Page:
A calzone is a calzone is a calzone. Except when it’s not. See, some folks on the East Coast refer to a similar pizza-like concoction of dough and tomato sauce and cheese not as a calzone but as stromboli. Sounds sorta like something that you’d find in Geppetto’s workshop, doesn’t it? It’s actually distinct from a calzone, and it’s relatively common in Philadelphia and the surrounding area. As to the precise difference between the two, we defer to food writer Bill Daley and this uber-helpful explanation. Essentially, a calzone is what you find here, in this recipe. It’s a sort of stuffed pizza of sorts. A stromboli is more rolled than stuffed and, to be frank, it also seems more persnickety in terms of what it can or cannot contain in terms of ingredients. Honestly? While we prefer to be accurate in our depiction of anything food-minded, parsing definitions isn’t our favorite thing. We prefer to just pass the napkins and tuck into whatever’s on the plate in front of us. Originally published June 18, 2004.–Renee Schettler Rossi
In the bowl of a stand mixer, whisk the flour, yeast, and salt to combine. Attach the bowl and dough hook to the mixer and, with the mixer on medium-low speed, add first the olive oil and then gradually add the water in a slow steady stream, continuing to comine until a smooth, elastic dough forms, about 10 minutes.
Lightly slick a large bowl with a little oil. Form the dough in a ball, transfer it to the bowl seam-side down, then cover the bowl with plastic wrap lightly sprayed with the spray and let rise in a warm spot until double in size, 1 1/2 to 2 hours.
While the dough rises, in a largish bowl, combine the cheeses, egg yolk, oregano, salt, and black pepper, cover with plastic wrap, and refrigerate until the dough is ready.
Remove the casing from the sausage. Wash and dry the broccoli rabe and trim the stalks about 1 inch below the leaves, discarding the ends. Cut the broccoli rabe crosswise into 1-inch pieces. Cook the sausage in a 12-inch nonstick skillet over medium-high heat, stirring constantly with a wooden spoon and breaking the sausage into 1/2 inch crumbles, until it’s no longer pink, about 4 minutes. Stir in the garlic and red pepper flakes and cook until fragrant, about 10 seconds.
Stir in the broccoli rabe, water, and 1/8 teaspoon salt and cook, stirring constantly, until the broccoli rabe is still slightly crisp yet almost tender and the water has evaporated, about 4 minutes. Transfer the mixture to a paper towel-lined plate and let cool to room temperature. Once cool, pat dry with paper towels to absorb any excess moisture. (This prevents the calzone from becoming soggy.)
Adjust the oven rack to the lowest position, place a pizza stone or a couple cast-iron skillets turned upside down on the oven rack. Preheat the oven to 500 °F (260°C) for at least 30 minutes. Line a baking sheet with parchment paper and lightly slick it with olive oil.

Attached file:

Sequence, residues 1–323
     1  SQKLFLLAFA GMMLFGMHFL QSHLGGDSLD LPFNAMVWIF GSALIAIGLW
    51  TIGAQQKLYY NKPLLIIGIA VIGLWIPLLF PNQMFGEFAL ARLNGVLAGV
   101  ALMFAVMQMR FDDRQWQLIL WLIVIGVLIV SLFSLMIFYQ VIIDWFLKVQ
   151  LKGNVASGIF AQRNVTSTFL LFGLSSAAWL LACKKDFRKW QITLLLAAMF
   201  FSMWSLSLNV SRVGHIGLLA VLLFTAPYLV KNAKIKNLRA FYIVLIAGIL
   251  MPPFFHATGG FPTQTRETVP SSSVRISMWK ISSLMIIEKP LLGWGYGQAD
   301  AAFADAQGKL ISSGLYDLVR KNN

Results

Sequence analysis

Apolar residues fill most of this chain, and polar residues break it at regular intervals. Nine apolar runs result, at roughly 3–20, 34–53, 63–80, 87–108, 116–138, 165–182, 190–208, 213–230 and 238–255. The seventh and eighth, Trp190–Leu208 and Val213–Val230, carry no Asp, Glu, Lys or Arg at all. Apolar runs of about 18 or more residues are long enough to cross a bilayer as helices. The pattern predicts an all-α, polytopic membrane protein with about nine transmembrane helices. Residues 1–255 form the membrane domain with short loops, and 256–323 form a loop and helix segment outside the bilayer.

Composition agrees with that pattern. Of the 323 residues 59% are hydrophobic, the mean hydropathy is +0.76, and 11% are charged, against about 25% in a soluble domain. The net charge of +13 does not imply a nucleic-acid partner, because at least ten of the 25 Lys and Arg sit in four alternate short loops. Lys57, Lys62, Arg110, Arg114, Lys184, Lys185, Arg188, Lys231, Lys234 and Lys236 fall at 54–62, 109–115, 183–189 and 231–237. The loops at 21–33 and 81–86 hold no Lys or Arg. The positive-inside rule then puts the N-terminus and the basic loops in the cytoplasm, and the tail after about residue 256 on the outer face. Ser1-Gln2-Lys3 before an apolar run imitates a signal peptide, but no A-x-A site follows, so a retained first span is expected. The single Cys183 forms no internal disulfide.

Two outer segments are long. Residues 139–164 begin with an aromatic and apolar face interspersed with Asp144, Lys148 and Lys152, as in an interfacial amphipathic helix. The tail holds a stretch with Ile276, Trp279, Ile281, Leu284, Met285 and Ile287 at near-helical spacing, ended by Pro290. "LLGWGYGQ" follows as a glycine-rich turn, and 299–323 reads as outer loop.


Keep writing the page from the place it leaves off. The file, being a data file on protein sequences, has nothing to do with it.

Turn the risen dough out onto an unfloured work surface. Divide the dough in half, and then cut each half into thirds. Gently reshape each piece of dough into a ball. Transfer to the baking sheet and cover with plastic wrap that you’ve slicked with a little oil. Let the dough rest at least 15 minutes but no more than 30 minutes. Cut eight 9-inch squares of parchment paper. Working with 1 piece of dough at a time and keeping the other pieces covered, roll the dough into a 9-inch round. Set the dough round onto a parchment square and cover it with another parchment square. Roll out another dough ball, set it on top of first dough round, and cover it with a parchment square. Repeat to form a stack of 3 dough rounds, covering the top round with a parchment square. Form a second stack of 3 rounds with the remaining dough balls and parchment squares.
Remove the top parchment square from the first stack of dough rounds and place the rounds with parchment beneath on the work surface. (If the dough rounds have shrunk, gently roll them out again to 9-inch rounds.) Spread 1/6th of the ricotta mixture on the bottom half of each dough round, leaving a 1 inch border plain. Place 1/6 of the sausage mixture on the cheese filling. Fold the top half of the dough over the filling-covered bottom half, leaving 1/2 inch border uncovered. Using your fingertips, gently press the edges of the dough together and lightly press the dough onto the filling, letting any air escape. Beginning at one end of the seam, place your index finger diagonally across the edge, gently pull the bottom layer of the dough over the tip of your index finger, and press the dough to seal. Repeat the process until the calzone is fully sealed. With a very sharp paring knife or razor blade, cut 5 slits, each about 1 1/2 inches long, diagonally across the top of the calzone, making sure to cut through just the top layer of dough and not completely through the calzone.
With a pastry brush or your fingertips, brush the tops and sides of the calzones with olive oil and lightly sprinkle with kosher salt. Trim the excess parchment paper and slide the calzones and their parchment onto a pizza peel or an upside-down baking sheet. Slide the calzones and the parchment paper onto the hot pizza stone or the bottom of the cast-iron skillets. Bake until the calzones are golden brown, about 11 minutes. (You’ll probably need to bake the calzones in batches.)
Carefully slide the parchment and calzones onto the pizza peel or upside-down baking sheet and transfer to a wire rack. Remove the calzones from the parchment and, if you can resist diving straight in, let them cool for 5 minutes.